By Kevin Meagher

We all thought the 13-month stalemate in Northern Ireland was coming to an end last Monday.

That's what happens when the British prime minister is put on a chartered plane and dispatched to Belfast for the obligatory photo-op to welcome – we assumed – a testy rapprochement between the DUP and Sinn Fein and the resumption for what passes as normal service in Northern Ireland.

Only nothing happened.

Theresa May came back with the political settlement still broken, despite talk about "small gaps" remaining. For good measure, Arlene Foster, leader of the Democratic Unionists, dismissed the prime minister’s intervention as "a distraction".

Despite Foster's characteristic gracelessness, she perhaps had a point. May has made one tactical error after another when it comes to handling Northern Ireland. Three, to be precise.

First, she left it to the Northern Ireland Office (NIO) to get things back on an even keel. Plainly, they haven't succeeded in doing so. Indeed, it was remiss of everyone around her – the NIO and Downing Street – to send her and the Irish Taoiseach, Leo Varadkar, on a fool's errand welcoming a deal that had not been concluded.

Her in-tray may well be overflowing with Brexit-related angst, but the prime minister should have critically engaged with the underlying problems in Northern Ireland ahead of last week. Especially given the key issues are so well known.

Sinn Fein's demand for a "rights-based society" including provision for legislation enshrining the Irish language (one of the oldest vernacular languages in the world) is hard to argue with. Unless, of course, you are the cuddly DUP.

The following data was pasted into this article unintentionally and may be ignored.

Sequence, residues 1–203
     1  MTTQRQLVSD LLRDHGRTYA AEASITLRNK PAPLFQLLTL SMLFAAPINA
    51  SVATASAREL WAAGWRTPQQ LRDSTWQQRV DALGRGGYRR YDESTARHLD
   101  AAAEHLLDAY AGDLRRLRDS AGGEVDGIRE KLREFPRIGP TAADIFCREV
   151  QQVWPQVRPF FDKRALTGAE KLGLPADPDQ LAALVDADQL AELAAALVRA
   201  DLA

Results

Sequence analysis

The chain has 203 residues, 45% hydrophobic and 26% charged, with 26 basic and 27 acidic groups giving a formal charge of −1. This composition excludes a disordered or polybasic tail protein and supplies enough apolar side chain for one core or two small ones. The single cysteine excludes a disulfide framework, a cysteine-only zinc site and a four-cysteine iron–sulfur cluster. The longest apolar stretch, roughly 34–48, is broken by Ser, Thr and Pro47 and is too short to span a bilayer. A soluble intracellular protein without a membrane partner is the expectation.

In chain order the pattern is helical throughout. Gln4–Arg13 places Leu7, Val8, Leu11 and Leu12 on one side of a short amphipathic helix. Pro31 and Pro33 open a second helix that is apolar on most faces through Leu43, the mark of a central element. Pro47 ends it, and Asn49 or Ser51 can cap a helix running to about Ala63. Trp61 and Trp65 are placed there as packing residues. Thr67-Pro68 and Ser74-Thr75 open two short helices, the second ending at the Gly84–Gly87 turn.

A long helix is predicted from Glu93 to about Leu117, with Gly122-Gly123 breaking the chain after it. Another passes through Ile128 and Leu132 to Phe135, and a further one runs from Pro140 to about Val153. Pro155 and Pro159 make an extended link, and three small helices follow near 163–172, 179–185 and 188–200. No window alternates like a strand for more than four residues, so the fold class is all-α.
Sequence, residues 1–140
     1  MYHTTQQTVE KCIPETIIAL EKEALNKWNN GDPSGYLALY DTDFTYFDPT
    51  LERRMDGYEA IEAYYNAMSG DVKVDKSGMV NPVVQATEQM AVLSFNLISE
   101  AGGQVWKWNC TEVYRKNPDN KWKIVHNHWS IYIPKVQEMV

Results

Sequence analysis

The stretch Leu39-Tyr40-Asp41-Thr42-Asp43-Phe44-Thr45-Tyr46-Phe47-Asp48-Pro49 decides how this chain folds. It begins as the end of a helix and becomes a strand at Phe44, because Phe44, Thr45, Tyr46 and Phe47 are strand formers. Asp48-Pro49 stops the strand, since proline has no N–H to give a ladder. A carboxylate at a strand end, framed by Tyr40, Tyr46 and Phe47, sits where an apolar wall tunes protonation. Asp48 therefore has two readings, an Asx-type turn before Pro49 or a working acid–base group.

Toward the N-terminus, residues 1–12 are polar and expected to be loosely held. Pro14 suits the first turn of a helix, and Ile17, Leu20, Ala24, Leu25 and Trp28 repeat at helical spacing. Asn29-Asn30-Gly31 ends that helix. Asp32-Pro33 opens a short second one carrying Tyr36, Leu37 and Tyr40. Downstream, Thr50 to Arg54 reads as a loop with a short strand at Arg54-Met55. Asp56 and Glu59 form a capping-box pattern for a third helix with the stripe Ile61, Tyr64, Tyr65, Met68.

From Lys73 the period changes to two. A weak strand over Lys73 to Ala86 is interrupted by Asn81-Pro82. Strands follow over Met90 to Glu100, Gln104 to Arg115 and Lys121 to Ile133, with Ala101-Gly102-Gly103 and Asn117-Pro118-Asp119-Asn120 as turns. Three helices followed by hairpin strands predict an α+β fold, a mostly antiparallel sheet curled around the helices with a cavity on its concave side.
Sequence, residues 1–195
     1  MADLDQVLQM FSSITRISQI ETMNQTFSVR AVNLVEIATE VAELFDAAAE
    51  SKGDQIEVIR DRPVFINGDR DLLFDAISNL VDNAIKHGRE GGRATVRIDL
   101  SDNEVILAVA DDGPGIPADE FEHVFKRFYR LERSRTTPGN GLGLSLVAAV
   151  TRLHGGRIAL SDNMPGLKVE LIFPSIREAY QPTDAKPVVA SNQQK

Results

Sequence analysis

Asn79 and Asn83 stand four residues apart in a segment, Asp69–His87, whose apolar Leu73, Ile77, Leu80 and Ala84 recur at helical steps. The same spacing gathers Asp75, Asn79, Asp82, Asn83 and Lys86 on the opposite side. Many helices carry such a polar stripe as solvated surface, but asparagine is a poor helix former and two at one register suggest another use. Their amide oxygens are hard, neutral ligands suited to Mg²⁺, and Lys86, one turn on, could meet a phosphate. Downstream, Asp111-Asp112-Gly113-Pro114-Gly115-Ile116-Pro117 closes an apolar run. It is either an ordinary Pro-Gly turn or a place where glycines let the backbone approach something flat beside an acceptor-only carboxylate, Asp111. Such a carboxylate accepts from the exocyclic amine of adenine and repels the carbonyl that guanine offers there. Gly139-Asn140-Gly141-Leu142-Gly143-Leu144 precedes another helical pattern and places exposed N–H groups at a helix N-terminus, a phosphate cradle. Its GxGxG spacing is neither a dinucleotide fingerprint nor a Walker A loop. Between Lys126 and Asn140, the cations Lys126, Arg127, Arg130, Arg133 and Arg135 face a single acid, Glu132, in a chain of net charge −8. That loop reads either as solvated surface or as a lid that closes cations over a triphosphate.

Any attempt to 'Irishise' Northern Ireland, as they see it, is anathema. This is a party, in case anyone has forgotten, that fought tooth and nail against the signing of the Good Friday Agreement back in 1998. 'Catholic-nationalists should know their place' remains their wretched default setting.

May's 'hands off' approach echoes that of her predecessor. David Cameron left his Northern Ireland secretaries to run the show, cutting off regular contact with leading players on the ground. The net result is that problems that might be resolved are allowed to gestate into crises.

The prime minister is set to hold discussions with Sinn Fein's leadership this week. It would have been smarter to have done so earlier. She could have catalysed a process that has lacked forward propulsion and listed for months.

Second, she should have appointed a strong independent figure to chair the various talks that have taken place throughout 2017, aimed at reviving the collapsed executive. The Tories' arrangement with the DUP meant this was absolutely essential. Whichever way you cut it, you cannot be seen to be an impartial arbiter of cross party talks when you are so plainly beholden to one side, as the Tories are to the DUP. A respected international figure is needed to kick start talks.